51Haneke et al., "Quanititation of Daunorubicin, Doxorubicin, and their Aglycones by Ion-Pair Reversed-Phase Chromarography," J. Pharm. Sci. vol. 70(10), p. 1112 (1981).
52Harris, D.C., (1995), Quantatative Chemical Analysis, Fourth Edition, W.H. Freeman & Company, New York, pp. 234-241.
53Henry, D.W. (1976), "Adriamycin," Cancer Chemotherapy, American Chemical Society Symposium Series, pp. 15-57.
54Hoffman et al. (1979) "Stability of Refrigerated and Frozen Solutions of Doxorubicin Hydrochloride," Am. J. Hosp. Pharm., vol. 36, 1536-1538.
55Janssen et al. (1985), "Doxorubicin Decomposition on Storage. Effect of pH, Type of Buffer and liposome Encapsulation," International J. Pharmaceutics, vol. 23, pp. 1-11.
56Jonkman-de Vries et al. (1994), "Pharmaceutical Development of a Parenteral Lyophilized Formulation of the Novel Indoloquinone Antitumor Agent EO9," Cancer Chemother. Pharmacol., 34, pp. 416-422.
57Jonkman-de Vries et al. (1994), Pharmaceutical Development of a Parenteral Lyophilized Formulation of the Novel Indoloquinone Antitumor Agentd EO9, Cancer Chemother Pharmacol., vol. 34, pp. 910.
58Kaniewska, T. (1977), "A Study of Decomposition of Adriamycin," Pharmacia Polska, vol. 9, 539-542 (English translation attachced).
59Kaniewska, T. (1978), "Study of the Decomposition of Adrimycin," Chemical Abstracts, vol. 88, No. 197526x, p. 396.
60Kano et al. Electrochemical Properties of Adriamycin Adsorbed on a Mercury Electrode Surface, The Chemical Society of Japan, Bull. Chem. Soc. Jpn., 57, 2383-2390 (1984).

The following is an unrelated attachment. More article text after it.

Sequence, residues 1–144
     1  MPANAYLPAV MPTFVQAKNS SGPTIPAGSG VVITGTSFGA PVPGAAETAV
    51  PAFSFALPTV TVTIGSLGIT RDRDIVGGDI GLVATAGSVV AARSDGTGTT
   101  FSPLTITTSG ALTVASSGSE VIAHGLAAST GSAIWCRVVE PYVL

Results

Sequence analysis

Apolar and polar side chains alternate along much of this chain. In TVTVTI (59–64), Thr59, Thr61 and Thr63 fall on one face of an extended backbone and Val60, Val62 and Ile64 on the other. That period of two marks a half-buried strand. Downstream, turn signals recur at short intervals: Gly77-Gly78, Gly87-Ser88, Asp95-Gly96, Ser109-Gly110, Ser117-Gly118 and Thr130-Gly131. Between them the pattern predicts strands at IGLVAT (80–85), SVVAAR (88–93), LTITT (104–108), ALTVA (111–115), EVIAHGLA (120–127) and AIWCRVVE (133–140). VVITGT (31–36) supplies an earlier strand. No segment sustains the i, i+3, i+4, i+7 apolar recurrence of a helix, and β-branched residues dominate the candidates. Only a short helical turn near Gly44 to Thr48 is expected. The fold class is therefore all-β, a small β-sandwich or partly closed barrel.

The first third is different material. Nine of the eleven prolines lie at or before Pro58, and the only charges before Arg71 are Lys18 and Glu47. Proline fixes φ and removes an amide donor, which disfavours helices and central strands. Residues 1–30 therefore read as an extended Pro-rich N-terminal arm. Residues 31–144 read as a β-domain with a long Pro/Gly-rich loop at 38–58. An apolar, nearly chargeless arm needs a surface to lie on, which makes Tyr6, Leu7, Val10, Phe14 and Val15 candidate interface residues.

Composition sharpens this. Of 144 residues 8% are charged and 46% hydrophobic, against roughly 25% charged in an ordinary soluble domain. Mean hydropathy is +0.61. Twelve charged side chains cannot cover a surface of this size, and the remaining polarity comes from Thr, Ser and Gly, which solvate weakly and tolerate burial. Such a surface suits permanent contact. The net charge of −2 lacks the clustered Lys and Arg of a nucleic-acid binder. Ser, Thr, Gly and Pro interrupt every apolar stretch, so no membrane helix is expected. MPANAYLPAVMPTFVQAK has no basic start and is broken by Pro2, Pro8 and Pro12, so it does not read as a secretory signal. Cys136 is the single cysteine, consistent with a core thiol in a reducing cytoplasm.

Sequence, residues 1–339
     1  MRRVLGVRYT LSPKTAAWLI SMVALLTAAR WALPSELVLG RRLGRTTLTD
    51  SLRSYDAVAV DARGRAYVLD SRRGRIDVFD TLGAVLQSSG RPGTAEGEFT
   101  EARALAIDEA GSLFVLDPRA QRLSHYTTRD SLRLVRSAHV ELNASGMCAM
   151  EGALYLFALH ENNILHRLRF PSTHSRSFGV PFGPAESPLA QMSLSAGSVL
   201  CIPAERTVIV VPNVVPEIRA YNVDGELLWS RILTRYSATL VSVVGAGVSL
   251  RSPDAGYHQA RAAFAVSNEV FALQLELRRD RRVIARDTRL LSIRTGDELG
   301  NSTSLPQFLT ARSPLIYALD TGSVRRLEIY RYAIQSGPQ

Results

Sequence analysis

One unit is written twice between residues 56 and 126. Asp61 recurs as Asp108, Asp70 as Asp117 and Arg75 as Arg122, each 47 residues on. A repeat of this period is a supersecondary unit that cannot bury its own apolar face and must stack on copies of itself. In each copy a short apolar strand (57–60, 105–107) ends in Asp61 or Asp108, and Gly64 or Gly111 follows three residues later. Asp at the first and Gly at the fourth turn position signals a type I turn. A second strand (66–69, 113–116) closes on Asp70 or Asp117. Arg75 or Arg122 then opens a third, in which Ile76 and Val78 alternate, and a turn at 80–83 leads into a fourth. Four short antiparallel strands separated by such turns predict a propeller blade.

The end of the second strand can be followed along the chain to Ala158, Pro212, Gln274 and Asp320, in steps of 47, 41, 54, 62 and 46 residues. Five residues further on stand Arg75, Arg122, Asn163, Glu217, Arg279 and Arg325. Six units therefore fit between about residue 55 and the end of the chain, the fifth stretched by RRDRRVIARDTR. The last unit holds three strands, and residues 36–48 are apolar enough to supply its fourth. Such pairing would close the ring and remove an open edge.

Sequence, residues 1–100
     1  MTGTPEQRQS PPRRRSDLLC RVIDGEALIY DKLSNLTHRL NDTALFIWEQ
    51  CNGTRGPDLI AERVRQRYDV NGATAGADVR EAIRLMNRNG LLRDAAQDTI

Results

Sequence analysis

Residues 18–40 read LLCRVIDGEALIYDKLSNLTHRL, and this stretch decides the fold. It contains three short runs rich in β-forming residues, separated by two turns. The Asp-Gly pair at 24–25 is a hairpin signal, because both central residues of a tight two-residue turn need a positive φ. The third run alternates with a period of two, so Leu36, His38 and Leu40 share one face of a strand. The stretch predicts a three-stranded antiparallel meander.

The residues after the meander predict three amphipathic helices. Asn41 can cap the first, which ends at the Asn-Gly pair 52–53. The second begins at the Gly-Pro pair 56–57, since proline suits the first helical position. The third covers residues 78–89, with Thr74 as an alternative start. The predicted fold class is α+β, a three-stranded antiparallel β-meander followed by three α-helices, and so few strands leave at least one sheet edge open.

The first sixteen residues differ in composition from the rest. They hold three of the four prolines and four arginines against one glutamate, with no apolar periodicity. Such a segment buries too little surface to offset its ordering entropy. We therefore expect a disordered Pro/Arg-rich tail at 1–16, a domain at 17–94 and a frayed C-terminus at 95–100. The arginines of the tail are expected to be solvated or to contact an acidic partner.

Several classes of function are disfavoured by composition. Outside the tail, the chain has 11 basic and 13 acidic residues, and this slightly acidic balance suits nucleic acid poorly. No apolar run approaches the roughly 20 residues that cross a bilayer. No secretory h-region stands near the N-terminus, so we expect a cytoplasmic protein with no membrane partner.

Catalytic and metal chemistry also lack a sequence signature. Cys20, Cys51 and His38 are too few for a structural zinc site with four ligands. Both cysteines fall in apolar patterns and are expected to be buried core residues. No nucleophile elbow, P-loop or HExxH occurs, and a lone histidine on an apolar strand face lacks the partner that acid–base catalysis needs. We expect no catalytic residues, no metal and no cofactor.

61Kano et al., The Effects of the pH and the Temperature on the Oxidation-reduction Properties of Adrimycin Adsorbed on a Mercury Electrode Surface, The Chemical Society of Japan, Bull. Chem. Soc. Jpn., 58, 424-428 (1985).
62Ketchum et al. (1981), "Cost Benefit and Stability Study of Doxorubicin Following Reconstitution," Am. J. Intravenous Therapy & Clinical Nutrition, vol. 8, pp. 15-18.
63Kristensen and Moller (1983), "Alman Farmaci II," Dansk Farmaceutiforeings Forlag Kobenhavn, pp. 408, 442, 447 (English translation attached).
64Legha; "The Anthracyclines and Mitoxantrone," Cancer Chemotheraphy by Infusion 2<SUP>nd </SUP>edition (Lokich et.) p. 197-586 (1990).
65Maral et al., "Etude Toxicologique et activite Antitumorale Experimentale de la Rubidomycine," (13.057 R.P.) Path. Biol., vol. 15, No. 19-20, p. 903-908 (1967).
66Martindale (1982), "Doxorubicin Hydrochloride," The Extra Pharmacopeia, Antineoplastic Agents and Immunosuppressants, 28<SUP>th </SUP>Edition, The Pharmaceutical Press, London, J.E.F. Reynolds, Ed., pp. 205-208.
67Masuike et al. (1984), "Determination of Adriamycin and its Metabolities in Biological Samples Using High Performance Liquid Chromatography. II. Analysis of Tissues by Extraction Method," Yakugaku Zasshi, vol. 104, 620-623 (English abstract).
68Masuike et al. (1984), "Determination of Adriamycin and its Metabolities in Biological Samples Using High Performance Liquid Chromotography. I. Analysis of Serum and Plasma by Direct Injection Method," Yakugaku Zasshi, vol. 104, 614-619 (English abstract).
69Menozzi et al. (1984), "Self-Association of Doxorubicin and Related Compounds in Aqueous Solution," J. Pharmaceutical Sciences, vol. 73, pp. 766-770.
70Nikula et al. (1984), "Chromosome Aberrations in Lymphocytes of Nurses Handling Cytostatic Agents," Scand. J. Work Environ. Health, vol. 10, pp. 71-74.
71Poochikian et al. (1981), "Stability of Anthracycline Antitumor Agents in Four Infusion Fluids," Am. J. Hospital Pharmacy, vol. 38, pp. 483-486.
72Poochikian et al., "Stability of anthracycline antitumor agents in four infusion fluids," Chemical Abstracts, vol. 94.214489f. (1981).
73Riley, et al., Review of New Drugs-1980, U.S. Pharm. 33 (Feb. 1981), p. 53-54.
74Savlov et al. (1981), "Comparision of Doxoorubicin with Cycloleucine in the Treatment of Sarcomas," Cancer Treatment Reports, vol. 65, pp. 21-27.